In the week of the Princess of Wales’s funeral, it was widely
assumed that the Queen’s remark that ’lessons must be learned’ referred
to the Palace’s PR policy, which Diana’s death had exposed as painfully
outdated and irrelevant .
Already there are signs that the message has sunk in. Although the
Palace vigorously denied reports this week that weekly Number 10-style
lobby briefings are to be introduced, there is a perceptible thawing in
its icy media relations protocol. Spokesmen will be allowed to be quoted
on the record more often, and aides will adopt a more proactive role in
dealing with the media.
Meanwhile in South Africa, we have seen evidence of a more open style
from the Prince of Wales (or Royal Spice as we should perhaps now call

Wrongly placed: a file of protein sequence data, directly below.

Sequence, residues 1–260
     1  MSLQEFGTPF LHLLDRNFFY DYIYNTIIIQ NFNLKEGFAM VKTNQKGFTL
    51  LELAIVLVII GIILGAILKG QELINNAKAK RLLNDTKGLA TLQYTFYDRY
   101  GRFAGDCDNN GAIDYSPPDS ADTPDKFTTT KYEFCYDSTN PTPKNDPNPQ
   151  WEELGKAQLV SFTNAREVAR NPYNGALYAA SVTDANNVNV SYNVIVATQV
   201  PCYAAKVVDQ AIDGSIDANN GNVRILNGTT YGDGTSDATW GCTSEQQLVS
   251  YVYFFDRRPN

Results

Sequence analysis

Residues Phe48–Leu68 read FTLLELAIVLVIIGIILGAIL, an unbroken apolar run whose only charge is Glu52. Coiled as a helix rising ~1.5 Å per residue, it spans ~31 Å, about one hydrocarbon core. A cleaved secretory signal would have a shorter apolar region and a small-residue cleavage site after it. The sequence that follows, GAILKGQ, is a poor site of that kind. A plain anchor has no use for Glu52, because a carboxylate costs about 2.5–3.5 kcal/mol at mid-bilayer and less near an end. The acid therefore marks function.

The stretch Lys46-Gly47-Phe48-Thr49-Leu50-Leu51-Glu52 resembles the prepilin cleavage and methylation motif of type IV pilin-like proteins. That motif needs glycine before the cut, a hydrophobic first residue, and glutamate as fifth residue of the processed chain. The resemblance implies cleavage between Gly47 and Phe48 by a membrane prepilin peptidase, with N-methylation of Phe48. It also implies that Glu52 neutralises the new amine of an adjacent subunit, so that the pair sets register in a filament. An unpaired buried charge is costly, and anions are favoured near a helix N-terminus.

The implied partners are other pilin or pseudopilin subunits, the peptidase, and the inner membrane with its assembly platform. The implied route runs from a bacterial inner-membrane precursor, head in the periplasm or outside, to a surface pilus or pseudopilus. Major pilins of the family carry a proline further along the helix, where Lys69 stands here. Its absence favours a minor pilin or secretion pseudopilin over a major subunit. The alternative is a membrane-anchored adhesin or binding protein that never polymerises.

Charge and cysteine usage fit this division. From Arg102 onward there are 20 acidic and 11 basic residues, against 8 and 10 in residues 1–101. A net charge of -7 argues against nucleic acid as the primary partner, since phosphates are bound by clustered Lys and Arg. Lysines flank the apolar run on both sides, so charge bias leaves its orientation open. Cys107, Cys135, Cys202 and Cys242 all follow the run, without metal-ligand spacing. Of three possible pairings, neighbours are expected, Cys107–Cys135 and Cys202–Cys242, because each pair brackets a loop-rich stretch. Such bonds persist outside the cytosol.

him). Some of the stunts may have seemed a little cheesy and some of the
spin doctoring a little unsubtle, but the aim was spot on. It will take
some time to achieve the right balance of familiarity and distance but
reputations, as any PR person knows, cannot be mended overnight.
For too long there has been an assumption that any attempt to modernise
the Royal family in this regard will damage the ’mystique of majesty’
which is their most precious asset as an institution. But re-inventing
its PR strategy does not mean swapping Daimlers for bicycles or
indulging in undignified ’It’s a knockout’ style foolishness. The Royal
family’s PR mission should simply be to engage with the public with
whom, before Diana’s death, it had almost completely lost touch.